Interview to Keely Kolmes on Social Media Use for Professionals
GP Many think that the traditional “mass media” have now been replaced by the new “social media”, which represent a continuation and not an alternative to the top-down political information and consumer shopping orientation. What do you think about it?
KK I cannot offer an opinion regarding consumer shopping orientation. I see mass media as something that can intersect with social media. Social media allows people to participate, comment on, and share mass media. As a result, people become much more involved in disseminating or shaping the story. We see this now in hashtags being recommended on television or questions from twitter being used during interviews and news stories. I see them as intersecting and complementary.
GP How can Mental Health Professionals correctly manage the social media? What are your suggestions, generally speaking?
KK Mental health professionals need to clarify their goals on social media. Is it to have a personal life and interact with friends? Or are they using it to network and market their services? To learn? Different goals entail different strategies. My focus tends to be on helping people to distinguish between personal and professional use, helping people find their authentic voice, and making sure professionals know the relevant ethics so that they don’t violate confidentiality or create problematic multiple roles. I also suggest people develop policies that they can make a part of informed consent.
GP If one of our clients invite us to become “friends” on these sites, how can a professional correctly behave, in order to maintain the boundaries between personal and professional life?
KK It is best to address such issues during Informed Consent. My Private Practice Social Media Policy*** explains to potential clients that I do not friend current or former clients on social media. Of course, Informed Consent is an ongoing process in psychotherapy. So if a client tried to friend me, I would simply discuss it with them in the next session and point to my policies and explain my rationale for not accepting the request. In my mind, this approach protects their privacy and keeps our relationship professional. I believe that friending clients would introduce a social element which could potentially become a problematic multiple relationship. But this is what makes sense for my practice.
GP Many people think that also living in a small town might expose therapists to patients’ curiosity about their life, family, hobbies etc. Why, in your opinion, this should not occur in the Internet global village? What are the differences, if any?
KK I agree that social media has turned many of our practices into online rural communities. The main difference is the ability for client or therapist to monitor or peruse information about the other without it being a shared experience. Nevertheless, many of the same rules apply as working in rural communities. The best strategy is to be prepared to address overlaps when they happen. Know your policies and think them through in advance, and then be open to discussing these issues with clients. “What should we do if we see one another on social media,” can be thought of as the new version of “What does it mean that we exercise at the same gym?”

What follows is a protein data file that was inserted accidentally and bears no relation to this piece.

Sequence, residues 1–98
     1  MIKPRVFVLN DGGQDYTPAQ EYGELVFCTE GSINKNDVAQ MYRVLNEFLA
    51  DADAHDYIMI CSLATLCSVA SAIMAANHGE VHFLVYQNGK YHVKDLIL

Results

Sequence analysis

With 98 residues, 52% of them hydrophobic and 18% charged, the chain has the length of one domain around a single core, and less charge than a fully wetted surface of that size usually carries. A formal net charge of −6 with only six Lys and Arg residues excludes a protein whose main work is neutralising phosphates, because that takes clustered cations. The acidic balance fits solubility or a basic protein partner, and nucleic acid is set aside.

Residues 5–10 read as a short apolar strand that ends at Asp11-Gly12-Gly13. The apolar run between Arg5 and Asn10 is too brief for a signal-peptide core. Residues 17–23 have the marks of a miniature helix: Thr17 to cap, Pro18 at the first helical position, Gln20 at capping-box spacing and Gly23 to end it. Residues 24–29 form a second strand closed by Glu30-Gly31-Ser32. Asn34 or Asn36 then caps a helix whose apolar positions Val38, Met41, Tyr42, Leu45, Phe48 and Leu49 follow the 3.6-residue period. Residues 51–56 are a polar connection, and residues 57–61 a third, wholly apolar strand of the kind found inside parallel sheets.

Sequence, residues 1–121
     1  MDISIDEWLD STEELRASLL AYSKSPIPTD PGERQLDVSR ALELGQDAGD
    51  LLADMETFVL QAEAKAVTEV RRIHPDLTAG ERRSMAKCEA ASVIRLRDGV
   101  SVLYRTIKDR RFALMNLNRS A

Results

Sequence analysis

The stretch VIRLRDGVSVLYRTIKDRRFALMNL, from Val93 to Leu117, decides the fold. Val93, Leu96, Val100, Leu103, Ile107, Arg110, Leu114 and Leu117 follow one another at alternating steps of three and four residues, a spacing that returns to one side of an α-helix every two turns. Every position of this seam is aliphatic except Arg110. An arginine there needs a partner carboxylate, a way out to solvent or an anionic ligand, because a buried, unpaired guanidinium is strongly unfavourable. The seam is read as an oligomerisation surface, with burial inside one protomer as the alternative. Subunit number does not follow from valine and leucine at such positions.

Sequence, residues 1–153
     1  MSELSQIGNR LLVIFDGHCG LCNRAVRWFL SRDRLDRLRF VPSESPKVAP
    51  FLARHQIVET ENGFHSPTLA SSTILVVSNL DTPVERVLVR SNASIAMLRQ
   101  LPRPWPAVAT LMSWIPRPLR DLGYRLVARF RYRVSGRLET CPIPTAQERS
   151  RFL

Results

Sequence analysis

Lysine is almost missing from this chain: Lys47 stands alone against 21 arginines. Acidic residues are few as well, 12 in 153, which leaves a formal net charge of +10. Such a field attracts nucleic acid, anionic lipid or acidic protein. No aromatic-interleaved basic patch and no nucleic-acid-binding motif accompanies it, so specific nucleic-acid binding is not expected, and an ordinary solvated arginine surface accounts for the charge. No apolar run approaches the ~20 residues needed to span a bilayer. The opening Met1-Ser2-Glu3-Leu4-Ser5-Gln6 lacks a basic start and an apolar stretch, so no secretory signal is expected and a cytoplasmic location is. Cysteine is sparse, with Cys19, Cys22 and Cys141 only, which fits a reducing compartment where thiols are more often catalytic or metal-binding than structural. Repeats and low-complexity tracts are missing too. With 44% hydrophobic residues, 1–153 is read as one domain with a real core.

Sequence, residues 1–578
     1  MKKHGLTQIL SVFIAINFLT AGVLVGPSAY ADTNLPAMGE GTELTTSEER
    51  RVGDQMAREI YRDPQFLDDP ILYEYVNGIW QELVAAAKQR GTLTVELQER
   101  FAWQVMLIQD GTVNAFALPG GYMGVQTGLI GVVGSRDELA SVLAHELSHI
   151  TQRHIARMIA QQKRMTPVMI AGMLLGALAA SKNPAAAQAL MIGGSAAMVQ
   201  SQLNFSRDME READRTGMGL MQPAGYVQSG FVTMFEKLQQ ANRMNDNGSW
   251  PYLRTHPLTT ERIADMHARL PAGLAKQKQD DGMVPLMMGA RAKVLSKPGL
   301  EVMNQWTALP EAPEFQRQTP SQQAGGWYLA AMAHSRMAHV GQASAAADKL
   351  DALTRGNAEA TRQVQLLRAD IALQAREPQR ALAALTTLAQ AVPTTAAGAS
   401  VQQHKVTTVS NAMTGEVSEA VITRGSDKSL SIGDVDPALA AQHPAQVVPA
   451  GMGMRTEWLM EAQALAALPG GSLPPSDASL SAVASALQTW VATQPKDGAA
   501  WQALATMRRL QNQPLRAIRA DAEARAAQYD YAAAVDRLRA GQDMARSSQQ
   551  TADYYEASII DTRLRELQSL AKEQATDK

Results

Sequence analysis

GP What do you think about e-therapy? In your opinion will this method completely replace the face-to face therapy in the future? Is it really effective in reaching the therapeutic goals? And what about the loss of eye control on the client’s emotions during the session?
KK There is research suggesting that telehealth can be as effective as face-to-face treatment. I wonder if face-to-face therapy may become a premium service in the future for those who value an in-person interaction. I still believe that people should be assessed case-by-case as to their appropriateness for this service and that best practices would include such assessment. I do expect that in the future, there will be technology that simulates, if not allows for, eye contact. I strongly believe that teletherapy may wind up being very useful for dispersed families or couples who are separated by distance. But here in the U.S. there are state licensing laws that prevent many people from engaging in such practice.
GP You proposed a “Private Practice Social Media Policy”. Why did you think to this document and why, according to you, is it important to discuss with the clients about the social media use, during the first therapeutic session?
KK I wrote my Social Media Policy when I was in my first year of private practice. I was very active on social media in my personal life, but I wanted to develop a professional online presence and I found myself thinking through all of the potential pitfalls that might occur online. I wrote the policy, initially, to conser my ethics code and how it might address these issues, and then I wanted to put it into client-friendly language. I see this as part of Informed Consent, and while clients read these policies before they enter treatment, the issues come up in the course of therapy and are often re-visited.
GP Do you think that a sexologist should have a different approach to social media than a psychotherapist? What are your suggestion about correct behaviours online when you have to treat sexual topics with your clients? Could you indicate some must or must not?
KK I provide sex therapy in my practice, but I still adhere to the APA Ethics Code for Psychologists. I believe that these ethical principles are appropriate for my clinical practice regardless of whether I am working on sexual issues with a client.
Published also on Sessuologia News Online
Who is Keely Kolmes?
CA psychologist. Writer. Speaker. Consultant. Researcher. Focused on Digital Ethics & working with LGBTQ, kink, & poly clients.
Upcoming Book: The Paper Office for the Digital Age
Go to the Italian Version of Keely Kolmes’ Private Practice Social Media Policy